House Votes to Block Trump from Using Clean Energy Funds to Back Fossil Fuels Project

The Energy Department is weighing loan guarantees for a storage facility that would hold natural gas liquids for a proposed plastics manufacturing hub in Appalachia.

Construction at an ethene cracker plant on the Ohio River for making the building blocks of plastics. Credit: James Bruggers

Construction at an ethene cracker plant on the Ohio River for making the building blocks of plastics. Credit: James Bruggers

This story was updated with Wednesday's vote in the U.S. House of Representatives.

Democrats mounted a challenge in the U.S. House of Representatives on Wednesday against what they call a raid by the natural gas and plastics industries on a pot of federal money created to help finance innovations that reduce greenhouse gas emissions.

The fight is over a proposed $1.9 billion government-backed loan guarantee from a program that has primarily been used to back wind power, solar and other types of clean energy. The Energy Department is now considering using that program to support a large-scale underground storage project for ethane, a fossil fuel byproduct used to make plastics.

If the loan guarantee goes through, that government backing could help spur funding for a major new petrochemical and plastics industry in the upper Ohio River Valley, spanning West Virginia, Pennsylvania and Ohio.

Opponents forced a vote on an amendment to a big spending bill this week to try to stop it, and the House approved it. 

 

Rep. Ilhan Omar (D-Minn.) called it "incredibly worrisome that this administration would try to use a program designed for renewable energy to line the pockets of polluters. Grants that are designed for renewable energy projects should go toward renewable energy. Period."

She co-sponsored the amendment, which expressly bans the use of loan guarantees from the program except for "clean energy projects that avoid, reduce, or sequester air pollutants or human-caused emissions of greenhouse gases." This kind of amendment is often used to tie an agency's hands or to bolster eventual challenges in court.

That amendment, bundled with eight others, passed the House on a vote of 233 to 200, largely along party lines. The win for Omar was just one step in a legislative process, however. The Senate has yet to consider the spending bill.

Grassroots opponents of fossil fuel expansion echoed Omar's concerns.

"It's clear to us that this project is in violation of what the law was intended to fund," said Mitch Jones, who has been tracking the ethane storage project for Food and Water Watch, an environmental group that helped to coordinate a letter opposing the loan guarantee from nearly 150 organizations.

If the Energy Department loan guarantee is allowed for the project, he said, environmental advocates are worried that a new precedent could be set for other projects "that don't actually fight greenhouse gases."

Plans for a Plastics Hub in Appalachia

Political and business leaders in West Virginia, Pennsylvania and Ohio envision a burgeoning petrochemicals and plastics manufacturing hub in their region with thousands of new jobs. It would be fueled by a fracking boom that has produced a glut of natural gas and the liquid byproducts like ethane that are used to make plastic.

In Western Pennsylvania, Shell Polymers is building what could be the first of several plants to convert ethane into plastic pellets that can be used to make many different kinds of plastic products, from soda bottles to bumpers.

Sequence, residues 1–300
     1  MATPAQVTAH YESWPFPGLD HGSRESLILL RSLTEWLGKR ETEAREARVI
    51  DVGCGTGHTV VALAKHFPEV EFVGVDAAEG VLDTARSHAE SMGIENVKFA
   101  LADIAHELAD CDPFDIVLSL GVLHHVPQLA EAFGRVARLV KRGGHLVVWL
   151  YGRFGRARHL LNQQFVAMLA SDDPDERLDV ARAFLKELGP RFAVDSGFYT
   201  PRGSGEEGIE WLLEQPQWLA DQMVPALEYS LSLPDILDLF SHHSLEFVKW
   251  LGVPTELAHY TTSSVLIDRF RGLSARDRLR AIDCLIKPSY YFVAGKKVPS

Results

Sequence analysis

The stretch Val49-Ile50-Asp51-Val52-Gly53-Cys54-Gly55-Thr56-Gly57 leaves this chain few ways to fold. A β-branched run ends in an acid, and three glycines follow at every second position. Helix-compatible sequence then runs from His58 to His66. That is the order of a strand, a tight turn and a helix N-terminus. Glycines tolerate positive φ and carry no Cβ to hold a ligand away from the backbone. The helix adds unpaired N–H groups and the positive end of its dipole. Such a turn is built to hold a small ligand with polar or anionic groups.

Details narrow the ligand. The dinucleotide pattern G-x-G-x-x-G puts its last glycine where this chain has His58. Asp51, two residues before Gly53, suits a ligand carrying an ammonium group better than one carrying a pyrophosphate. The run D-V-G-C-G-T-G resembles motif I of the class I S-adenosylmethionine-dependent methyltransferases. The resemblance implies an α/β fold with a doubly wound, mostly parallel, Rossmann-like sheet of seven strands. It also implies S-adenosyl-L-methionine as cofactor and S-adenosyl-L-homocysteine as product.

Map: Ethane Cracker Plants on the Ohio River

But if there is going to be a petrochemical bonanza in Appalachia, then the industry will need to find a way to store vast amounts of natural gas liquids underground, according to the U.S. Department of Energy.

A multi-billion-dollar underground storage plan by the Appalachian Development Group is already in the works. It just needs money, and a lot of it.

So developers of what's been called the Appalachian Storage Hub turned to the federal government, where the Trump administration is weighing whether to grant them $1.9 billion in Energy Department loan guarantees.

The project's developers argue that their proposal would qualify even if the amendment passes, because the project would mitigate greenhouse gas emissions by avoiding the need to ship feedstocks for plastic production over long distances.

This can "significantly avoid or reduce anthropogenic emissions of greenhouse gases through conversion of these raw materials closer to their production locations," said Steven Hedrick, the chief executive officer of Appalachia Development Group, the developer.

Opponents say that begs the question whether storage of fracking byproducts is a "clean energy project."

Political Pressure from West Virginia

A three-state geological study in 2017 described ethane as "the great, untapped resource from the Marcellus and Utica" shale region because of a lack of local storage.

West Virginia Gov. Jim Justice, a Republican, has called the storage hub his top economic priority. Sen. Joe Manchin (D-W.Va.), another backer of the storage plan, touted it in a letter last year to Energy Secretary Rick Perry, while also encouraging loan guarantees to fossil fuel projects.

Last month, a coalition of almost 150 grassroots groups including FracTracker Alliance, the FreshWater Accountability Project, and others wrote a letter to House Appropriations Committee Chair Nita Lowey (D-N.Y.), calling into question the legality of the loan guarantee proposal. They noted that the funding is supposed to be for clean energy innovations.

The project's planners reply that the storage hub includes innovations in the form of advanced leak detection.

The Energy Department media office did not respond to requests for an interview.

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